In light of the new tougher mortgage insurance measures and requirements brought in by the federal government, the Canadian Real Estate Association (CREA) has undertaken to closely analyze how they will impact markets across the country. Likewise, local real estate boards, such as WinnipegREALTORS®, will do the same.
The impact will vary as all markets are local with their own set of unique conditions and circumstances.
The higher stress test qualification required now means that first-time buyers, in particular, will have to adjust their sights lower from what they could previously afford. In some cases, especially in higher-priced housing markets, it may prevent them from owning a home.
As CREA and local real estate boards closely monitor MLS® sales activity into 2017, to help determine the extent of reduced sales activity — housing is one of the key economic lynchpins of the Canadian economy — one way to help offset the impact on affordability is for the federal government to follow through on CREA’s recommendations to enhance the Home Buyers’ Plan (HBP).
More specifically, CREA is asking the federal government to keep its election promise to help address affordability and accessibility for home buyers undergoing significant life changes; for example, homeowners having to relocate to a more expensive housing market or a divorced couple still needing a home to support their children. It also may allow someone to accommodate an elderly family member.
Extending the HBP is a fiscally responsive way to help these families. Essentially, the HBP, as it has since its inception in 1992, is not only instrumental in allowing first-time buyers a way to come up with a required down payment through accessing their RRSPs (required to pay them back over a 15-year period), but can ease affordability concerns by allowing Canadians to use their own savings to purchase a home. In total, 2.8-million Canadians have benefited from being able to use the HBP.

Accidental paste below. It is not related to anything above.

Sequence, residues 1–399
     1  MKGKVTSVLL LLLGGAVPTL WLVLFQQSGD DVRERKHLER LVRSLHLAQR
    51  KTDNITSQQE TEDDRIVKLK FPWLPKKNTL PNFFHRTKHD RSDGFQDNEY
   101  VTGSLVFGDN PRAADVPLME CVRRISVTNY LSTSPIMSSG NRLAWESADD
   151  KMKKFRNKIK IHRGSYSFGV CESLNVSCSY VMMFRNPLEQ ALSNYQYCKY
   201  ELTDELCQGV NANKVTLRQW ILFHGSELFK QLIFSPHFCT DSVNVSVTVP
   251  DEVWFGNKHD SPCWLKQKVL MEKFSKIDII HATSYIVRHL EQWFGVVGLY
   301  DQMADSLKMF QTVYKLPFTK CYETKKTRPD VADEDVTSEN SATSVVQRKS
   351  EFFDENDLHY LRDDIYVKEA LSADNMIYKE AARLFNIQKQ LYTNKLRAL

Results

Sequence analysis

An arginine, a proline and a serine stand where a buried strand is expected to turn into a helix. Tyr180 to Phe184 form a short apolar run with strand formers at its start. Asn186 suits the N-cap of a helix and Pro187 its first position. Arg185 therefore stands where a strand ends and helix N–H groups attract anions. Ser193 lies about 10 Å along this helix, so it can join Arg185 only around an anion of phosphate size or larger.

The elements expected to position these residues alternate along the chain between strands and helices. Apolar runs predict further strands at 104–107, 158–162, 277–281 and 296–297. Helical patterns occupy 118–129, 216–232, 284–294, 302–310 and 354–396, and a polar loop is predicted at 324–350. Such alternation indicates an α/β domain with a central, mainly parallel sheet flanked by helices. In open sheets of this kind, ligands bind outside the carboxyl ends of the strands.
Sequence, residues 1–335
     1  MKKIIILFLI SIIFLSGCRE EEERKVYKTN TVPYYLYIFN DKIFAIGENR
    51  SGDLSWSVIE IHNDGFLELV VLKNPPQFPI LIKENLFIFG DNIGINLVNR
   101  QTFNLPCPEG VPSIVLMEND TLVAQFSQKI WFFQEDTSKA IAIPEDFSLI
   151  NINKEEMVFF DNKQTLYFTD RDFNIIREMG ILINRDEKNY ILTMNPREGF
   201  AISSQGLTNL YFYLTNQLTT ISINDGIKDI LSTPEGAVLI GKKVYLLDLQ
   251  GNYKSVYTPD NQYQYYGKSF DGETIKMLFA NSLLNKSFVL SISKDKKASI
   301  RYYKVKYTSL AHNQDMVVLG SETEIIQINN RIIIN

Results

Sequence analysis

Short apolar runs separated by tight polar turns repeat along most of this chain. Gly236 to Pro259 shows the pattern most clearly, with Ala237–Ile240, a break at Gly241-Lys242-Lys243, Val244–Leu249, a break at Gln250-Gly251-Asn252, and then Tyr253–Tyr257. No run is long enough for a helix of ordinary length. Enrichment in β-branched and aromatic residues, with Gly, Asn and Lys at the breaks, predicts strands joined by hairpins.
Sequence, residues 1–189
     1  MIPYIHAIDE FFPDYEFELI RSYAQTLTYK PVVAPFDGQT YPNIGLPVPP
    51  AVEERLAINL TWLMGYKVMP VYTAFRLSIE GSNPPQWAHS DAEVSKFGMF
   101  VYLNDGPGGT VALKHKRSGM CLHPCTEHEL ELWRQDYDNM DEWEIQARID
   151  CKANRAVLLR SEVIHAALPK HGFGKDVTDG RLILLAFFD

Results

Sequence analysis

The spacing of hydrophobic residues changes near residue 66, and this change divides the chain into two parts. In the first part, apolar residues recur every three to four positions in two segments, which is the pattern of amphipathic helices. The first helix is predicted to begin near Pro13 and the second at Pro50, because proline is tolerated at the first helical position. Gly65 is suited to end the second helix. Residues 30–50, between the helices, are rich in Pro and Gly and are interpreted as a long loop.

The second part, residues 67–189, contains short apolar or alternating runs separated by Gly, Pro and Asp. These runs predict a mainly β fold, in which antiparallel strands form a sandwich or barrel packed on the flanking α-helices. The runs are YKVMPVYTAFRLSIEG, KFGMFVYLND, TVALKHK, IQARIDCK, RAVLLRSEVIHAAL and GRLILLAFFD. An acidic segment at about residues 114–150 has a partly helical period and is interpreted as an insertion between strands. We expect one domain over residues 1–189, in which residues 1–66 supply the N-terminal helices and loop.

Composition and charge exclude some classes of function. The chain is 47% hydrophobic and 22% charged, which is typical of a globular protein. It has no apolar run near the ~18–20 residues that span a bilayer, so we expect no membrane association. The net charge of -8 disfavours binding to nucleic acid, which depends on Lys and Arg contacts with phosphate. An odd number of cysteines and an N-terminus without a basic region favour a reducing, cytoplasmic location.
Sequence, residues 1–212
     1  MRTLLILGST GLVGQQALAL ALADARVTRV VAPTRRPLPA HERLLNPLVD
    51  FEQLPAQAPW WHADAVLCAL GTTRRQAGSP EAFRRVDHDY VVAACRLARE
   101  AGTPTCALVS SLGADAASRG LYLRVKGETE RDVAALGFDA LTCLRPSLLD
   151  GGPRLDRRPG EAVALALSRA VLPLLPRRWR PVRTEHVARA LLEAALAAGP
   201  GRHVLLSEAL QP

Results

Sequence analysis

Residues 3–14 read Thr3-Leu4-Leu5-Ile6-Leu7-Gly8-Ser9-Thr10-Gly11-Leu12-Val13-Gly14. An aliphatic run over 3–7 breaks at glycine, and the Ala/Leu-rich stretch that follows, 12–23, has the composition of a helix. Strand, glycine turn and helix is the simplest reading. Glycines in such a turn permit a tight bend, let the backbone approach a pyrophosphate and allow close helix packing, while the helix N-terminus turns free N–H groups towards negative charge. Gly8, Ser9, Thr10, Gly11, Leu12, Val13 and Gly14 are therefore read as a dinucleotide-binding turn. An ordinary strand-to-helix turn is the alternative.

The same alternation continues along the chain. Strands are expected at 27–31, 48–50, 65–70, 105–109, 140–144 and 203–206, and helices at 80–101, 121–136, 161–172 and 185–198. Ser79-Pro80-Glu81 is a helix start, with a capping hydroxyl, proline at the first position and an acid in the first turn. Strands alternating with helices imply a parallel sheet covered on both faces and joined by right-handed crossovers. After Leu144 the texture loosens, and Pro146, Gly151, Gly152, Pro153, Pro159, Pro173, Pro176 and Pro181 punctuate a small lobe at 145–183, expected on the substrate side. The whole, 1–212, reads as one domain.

REALTORS® have also asked that the HBP be indexed to keep up with inflation to ensure it never loses its purchasing power. The affordability of homeownership is a growing concern for first-time buyers. The HBP currently allows first-time home buyers to borrow up to $25,000 from their Registered Retirement Savings Plan (RRSP) to use as a down payment towards a home purchase. CREA is advocating that the HBP be adjusted incrementally by $2,500 to preserve its purchasing power. Canadians believe it makes sense to index the HBP.
Many Realtors across the country are acting on a CREA call to action to let their own MPs know why making changes to the HBP will make it a more effective vehicle to enable more Canadians to afford their own home. Three local advocates for changes to the HBP are Realtors Deb Goodfellow , Donna Kirsch and Kourosh Doustshenas. Goodfellow and Kirsch met with MP MaryAnn Mihychuk, the federal minister of Employment, Workforce Development and Labour. As a result of their efforts, the cabinet minister and the Kildonan-St. Paul MP wrote a strong letter to her colleague, Finance Minister Bill Morneau, endorsing both of CREA’s HBP recommendations.
Doustshenas was able to work with Winnipeg North MP Kevin Lamoureux to develop a petition and obtain many signatures supporting the recommended HBP changes. To Lamoureux’s credit and his own his unwavering support of homeownership, he was successful in introducing the petition in the House of Commons on November 1, 2016.
“Let me share with the members of the House what that petition stated,” said Lamoureaux in the House. “In 1992, the Home Buyers’ Plan, the HBP, has helped over 2.8-million Canadians achieve their dream of homeownership. Also, the petition goes on to say that due to inflation the HBP has lost about $5,200 in purchasing power compared to 1992. It goes further to say that purchases resulted in over $2.9 billion in spinoff benefits and more than 22,000 jobs. The petition is calling for us to consider indexing the HBP to preserve its purchasing power and allow more Canadians to use it due to significant life changes.”
Let’s hope the federal government agrees with the recommended changes to HBP.